I remember walking out of my first class in grad school thinking: “I’ve gotten my money’s worth already.”
First class … day one, class one of a two-year graduate program on Organizational Leadership.
It was intense.
My professor was a woman from Iran who specializes in Leadership Development and Organizational Strategy. Her course for that semester … ethics. It was the most influential course I took throughout my entire academic career.
We spent evenings listening to her inform us of our responsibility as business leaders to be aware of the ethical codes set by organizations we may end up working for. And then one night, it got personal. She walked in with bags of bite-sized Hershey’s candy bars. I thought I’d hit the jackpot and decided to grab a few and indulge myself. As empty wrappers littered our tables, our professor began to tell us about the Ivory Coast and the slave labor that was occurring, all to Hershey’s knowledge, around their most precious product: chocolate.
You could see the horror in all of our faces. 1) that we didn’t know about the origin of products we frequently purchase and 2) that we had just eaten a handful of chocolate that had likely been produced by a child whose parents thought they were sending him to become educated and have a better life.
Her exercise was the foundation for a conversation we would spend weeks discussing: personal values.
She wanted us to know that things aren’t so black and white. Should an American company operate by American rules on someone else’s soil? Is that appropriate? Can we impose our values on other cultures both as individuals and organizations? What are our values as leaders within these organizations? Do they align with the values of the company we’re working for? If not, is it appropriate for us to require that they compromise their values so we don’t have to compromise ours?
It wasn’t pretty. Isn’t everything black and white? What do you mean when you say that my leadership style is requiring others compromise their values?
One week she handed out a list of values and 5 notecards to each of us in the room. She told us to choose 5 values on the worksheet and write one value per notecard.
I wanted to die. Dramatic? Maybe. But I was going to grad school to learn how to be a better leader and ultimately run an organization into greatness and I didn’t even know what I cared about. Well, I didn’t know what I cared about enough to articulate it in one-word answers.
My first point of paranoia: There were a gazillion values on that list. How could I pick just 5? Second, what if my values made me look like an asshole? I was in a graduate program with a bunch of softies who liked to cry and talk about feelings. If I didn’t choose values that made me look compassionate, it would only confirm my classmate’s theory that I sucked as a person.
I finally got over it and picked my values: respect, responsibility, influence, competency/excellence, exploration.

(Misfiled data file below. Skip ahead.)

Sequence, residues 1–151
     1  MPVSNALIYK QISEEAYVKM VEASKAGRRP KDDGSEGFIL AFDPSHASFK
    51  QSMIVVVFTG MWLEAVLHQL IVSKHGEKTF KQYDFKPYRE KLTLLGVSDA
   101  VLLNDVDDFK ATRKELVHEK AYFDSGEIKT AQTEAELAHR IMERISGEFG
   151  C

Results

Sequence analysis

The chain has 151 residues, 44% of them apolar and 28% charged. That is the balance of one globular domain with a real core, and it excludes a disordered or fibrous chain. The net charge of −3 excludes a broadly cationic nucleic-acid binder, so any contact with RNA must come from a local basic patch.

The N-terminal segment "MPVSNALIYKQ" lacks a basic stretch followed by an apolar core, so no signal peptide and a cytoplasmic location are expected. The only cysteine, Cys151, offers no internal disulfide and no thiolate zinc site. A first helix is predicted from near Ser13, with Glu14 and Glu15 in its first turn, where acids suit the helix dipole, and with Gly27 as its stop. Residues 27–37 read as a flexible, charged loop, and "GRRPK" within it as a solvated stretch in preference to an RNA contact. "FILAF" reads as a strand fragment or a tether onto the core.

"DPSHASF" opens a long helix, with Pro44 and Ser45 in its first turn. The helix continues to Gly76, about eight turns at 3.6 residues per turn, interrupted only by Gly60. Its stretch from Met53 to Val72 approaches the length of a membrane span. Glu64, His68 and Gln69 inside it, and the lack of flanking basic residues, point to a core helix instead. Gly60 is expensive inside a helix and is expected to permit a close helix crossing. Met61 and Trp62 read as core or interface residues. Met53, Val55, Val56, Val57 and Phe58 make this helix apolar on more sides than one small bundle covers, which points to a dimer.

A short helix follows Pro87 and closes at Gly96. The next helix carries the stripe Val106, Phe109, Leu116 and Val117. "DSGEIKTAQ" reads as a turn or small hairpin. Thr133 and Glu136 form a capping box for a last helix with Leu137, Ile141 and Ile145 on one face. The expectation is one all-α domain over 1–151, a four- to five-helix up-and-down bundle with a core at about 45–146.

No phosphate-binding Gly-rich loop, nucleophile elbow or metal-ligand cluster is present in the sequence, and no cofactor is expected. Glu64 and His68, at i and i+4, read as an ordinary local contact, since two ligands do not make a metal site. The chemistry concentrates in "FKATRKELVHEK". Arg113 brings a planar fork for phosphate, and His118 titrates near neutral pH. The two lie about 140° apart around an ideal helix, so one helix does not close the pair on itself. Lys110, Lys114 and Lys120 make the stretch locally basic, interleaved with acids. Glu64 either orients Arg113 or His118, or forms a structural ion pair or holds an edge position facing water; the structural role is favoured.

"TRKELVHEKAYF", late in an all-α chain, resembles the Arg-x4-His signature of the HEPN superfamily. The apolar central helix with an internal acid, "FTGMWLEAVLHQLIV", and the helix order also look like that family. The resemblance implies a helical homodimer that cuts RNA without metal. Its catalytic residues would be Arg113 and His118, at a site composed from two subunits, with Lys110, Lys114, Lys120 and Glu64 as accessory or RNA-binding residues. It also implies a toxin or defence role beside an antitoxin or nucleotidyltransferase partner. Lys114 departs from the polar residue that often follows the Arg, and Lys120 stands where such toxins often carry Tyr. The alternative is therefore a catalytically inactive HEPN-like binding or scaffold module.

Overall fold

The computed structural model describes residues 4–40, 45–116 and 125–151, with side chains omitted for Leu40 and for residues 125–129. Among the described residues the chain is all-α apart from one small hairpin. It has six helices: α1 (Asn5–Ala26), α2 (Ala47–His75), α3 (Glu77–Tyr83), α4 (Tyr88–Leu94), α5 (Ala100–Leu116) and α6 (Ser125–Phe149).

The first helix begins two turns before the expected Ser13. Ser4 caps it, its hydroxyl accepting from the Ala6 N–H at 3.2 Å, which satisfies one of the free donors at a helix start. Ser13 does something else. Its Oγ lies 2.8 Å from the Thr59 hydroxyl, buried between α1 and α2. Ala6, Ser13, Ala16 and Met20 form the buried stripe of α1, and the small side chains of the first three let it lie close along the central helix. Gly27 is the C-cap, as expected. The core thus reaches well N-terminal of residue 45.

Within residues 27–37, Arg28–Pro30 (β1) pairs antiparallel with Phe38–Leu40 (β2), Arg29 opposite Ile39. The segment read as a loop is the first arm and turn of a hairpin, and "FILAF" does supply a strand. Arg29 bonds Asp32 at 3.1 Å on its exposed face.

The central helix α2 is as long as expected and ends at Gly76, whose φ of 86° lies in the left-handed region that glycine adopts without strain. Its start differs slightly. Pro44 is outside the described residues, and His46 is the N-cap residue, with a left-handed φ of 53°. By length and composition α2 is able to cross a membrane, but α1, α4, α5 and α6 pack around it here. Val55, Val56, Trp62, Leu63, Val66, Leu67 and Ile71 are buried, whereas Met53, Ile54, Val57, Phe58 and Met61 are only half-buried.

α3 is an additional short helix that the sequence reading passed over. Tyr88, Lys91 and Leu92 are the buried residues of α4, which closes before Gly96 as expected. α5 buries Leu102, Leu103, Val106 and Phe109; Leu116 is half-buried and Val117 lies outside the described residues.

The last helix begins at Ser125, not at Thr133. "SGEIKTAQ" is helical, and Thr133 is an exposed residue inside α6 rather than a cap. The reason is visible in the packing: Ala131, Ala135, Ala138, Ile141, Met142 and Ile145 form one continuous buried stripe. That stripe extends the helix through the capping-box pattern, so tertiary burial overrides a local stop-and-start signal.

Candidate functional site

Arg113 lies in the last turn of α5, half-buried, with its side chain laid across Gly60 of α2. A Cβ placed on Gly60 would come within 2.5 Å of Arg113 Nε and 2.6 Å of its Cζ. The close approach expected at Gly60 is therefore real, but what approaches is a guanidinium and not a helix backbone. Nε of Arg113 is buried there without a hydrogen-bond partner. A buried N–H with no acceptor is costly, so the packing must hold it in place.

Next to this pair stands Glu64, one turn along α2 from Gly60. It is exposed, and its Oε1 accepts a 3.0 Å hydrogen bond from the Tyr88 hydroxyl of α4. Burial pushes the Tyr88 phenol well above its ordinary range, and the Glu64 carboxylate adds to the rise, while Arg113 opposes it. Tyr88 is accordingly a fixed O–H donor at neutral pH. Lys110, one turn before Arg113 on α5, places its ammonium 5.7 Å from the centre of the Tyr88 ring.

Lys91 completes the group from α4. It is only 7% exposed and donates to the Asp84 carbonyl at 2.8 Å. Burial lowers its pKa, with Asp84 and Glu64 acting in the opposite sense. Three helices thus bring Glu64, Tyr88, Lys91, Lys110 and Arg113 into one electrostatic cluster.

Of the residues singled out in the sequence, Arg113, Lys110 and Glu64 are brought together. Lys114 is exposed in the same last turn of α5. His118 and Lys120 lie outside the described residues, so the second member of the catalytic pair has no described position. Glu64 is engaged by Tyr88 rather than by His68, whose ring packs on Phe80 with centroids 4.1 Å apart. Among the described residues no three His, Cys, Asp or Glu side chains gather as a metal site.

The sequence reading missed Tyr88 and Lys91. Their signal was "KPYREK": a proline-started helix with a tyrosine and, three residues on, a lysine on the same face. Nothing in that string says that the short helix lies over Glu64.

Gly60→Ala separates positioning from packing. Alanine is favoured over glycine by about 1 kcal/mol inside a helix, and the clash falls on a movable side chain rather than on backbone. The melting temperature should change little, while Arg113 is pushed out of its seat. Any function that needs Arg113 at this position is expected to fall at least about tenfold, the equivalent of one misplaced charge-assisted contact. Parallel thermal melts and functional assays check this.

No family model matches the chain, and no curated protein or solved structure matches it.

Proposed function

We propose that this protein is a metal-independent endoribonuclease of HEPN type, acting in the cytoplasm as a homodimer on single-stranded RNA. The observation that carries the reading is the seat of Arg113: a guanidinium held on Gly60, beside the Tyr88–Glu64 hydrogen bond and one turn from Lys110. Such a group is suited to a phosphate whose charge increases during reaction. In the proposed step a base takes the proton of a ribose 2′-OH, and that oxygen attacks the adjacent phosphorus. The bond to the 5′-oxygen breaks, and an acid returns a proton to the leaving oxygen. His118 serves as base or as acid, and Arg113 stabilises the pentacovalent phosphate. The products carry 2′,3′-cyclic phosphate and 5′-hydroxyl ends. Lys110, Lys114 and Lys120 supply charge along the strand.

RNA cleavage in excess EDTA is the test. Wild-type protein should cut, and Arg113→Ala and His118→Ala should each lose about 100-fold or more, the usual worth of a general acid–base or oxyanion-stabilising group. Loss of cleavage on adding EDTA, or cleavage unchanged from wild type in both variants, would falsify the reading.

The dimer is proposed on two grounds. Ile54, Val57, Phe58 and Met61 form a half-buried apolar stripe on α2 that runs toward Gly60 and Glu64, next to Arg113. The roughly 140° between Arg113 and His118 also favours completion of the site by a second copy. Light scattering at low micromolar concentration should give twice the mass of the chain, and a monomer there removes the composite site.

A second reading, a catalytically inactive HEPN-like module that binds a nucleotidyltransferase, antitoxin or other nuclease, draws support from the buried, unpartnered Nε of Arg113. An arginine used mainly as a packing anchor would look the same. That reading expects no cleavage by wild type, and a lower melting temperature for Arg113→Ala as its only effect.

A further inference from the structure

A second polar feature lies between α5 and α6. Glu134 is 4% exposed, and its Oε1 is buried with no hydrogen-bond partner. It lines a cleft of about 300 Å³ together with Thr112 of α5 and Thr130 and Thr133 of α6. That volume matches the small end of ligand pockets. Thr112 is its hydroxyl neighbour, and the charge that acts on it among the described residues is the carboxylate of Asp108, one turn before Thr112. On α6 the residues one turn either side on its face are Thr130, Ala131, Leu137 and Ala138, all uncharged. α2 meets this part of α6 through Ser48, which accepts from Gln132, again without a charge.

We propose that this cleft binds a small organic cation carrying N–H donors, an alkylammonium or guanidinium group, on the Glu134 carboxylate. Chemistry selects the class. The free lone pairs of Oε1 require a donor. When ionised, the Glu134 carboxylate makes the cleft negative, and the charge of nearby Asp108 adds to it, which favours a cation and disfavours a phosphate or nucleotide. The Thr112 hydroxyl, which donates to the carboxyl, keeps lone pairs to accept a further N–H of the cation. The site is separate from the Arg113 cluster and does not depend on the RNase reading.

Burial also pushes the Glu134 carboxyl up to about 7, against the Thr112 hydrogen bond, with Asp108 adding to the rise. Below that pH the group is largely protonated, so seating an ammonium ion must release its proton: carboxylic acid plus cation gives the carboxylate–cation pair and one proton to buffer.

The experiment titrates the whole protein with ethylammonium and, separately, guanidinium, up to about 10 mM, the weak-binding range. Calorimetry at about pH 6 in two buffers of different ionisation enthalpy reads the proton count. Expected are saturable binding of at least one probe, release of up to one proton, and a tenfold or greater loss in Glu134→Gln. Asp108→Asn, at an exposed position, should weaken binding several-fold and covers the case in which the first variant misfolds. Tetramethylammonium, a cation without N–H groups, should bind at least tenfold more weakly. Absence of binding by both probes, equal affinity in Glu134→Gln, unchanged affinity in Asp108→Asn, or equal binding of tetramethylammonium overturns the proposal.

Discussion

In my thesis, I was able to look back at this first class and break these down a little:
1. Respect – Everyone deserves to be heard. Human rights should not be violated not matter race, creed, sexual orientation or age. People are capable of much more than we give them credit for, which means I am responsible for asking questions before making assumptions.
2. Responsibility – As a leader I feel that I am responsible for creating spaces for others to maximize their potential. One of the more devastating experiences in my life has been believing I am capable of of something great, but not having the platform or support to actualize it. We also have access to more information than ever before. I believe I am responsible for doing what I can with my time, talents and resources to create as much good as possible in the world.
3. Influence – I have a core conviction to build a platform that has the capacity to be a compelling force in the way people act, behave and think. This platform will be a group effort, not led solely by my own opinions.
4. Competency/Excellence – This one is two-fold. To excel, by definition means you have to not only do better than, but also surpass others. In my opinion, the average person does not want to work hard enough to adopt a mindset of excellence .. it’s too hard. I’m not ok with settling for average. I believe most people settle for average because it is too painful to admit someone else may be more qualified. I think that’s lame. I strive to surround myself with people who are capable, uniquely talented in specific areas and strive to work together to create something that suppresses the status quo and redefines what people deem possible.
5. Exploration – “To travel for the purpose of discovery.” Exploration diminishes our fears and assumptions of something in which we are completely unfamiliar. Exploration has changed what I care about by exposing opportunities for my passions to flourish. Exploration reminds me of my desire for adventure and discovery. And it ultimately leads to a better understanding of the world around me.
What are your top 5 values? Do you feel like your values are being compromised in your workplace? Are you causing others to compromise their values by requiring they adapt to yours?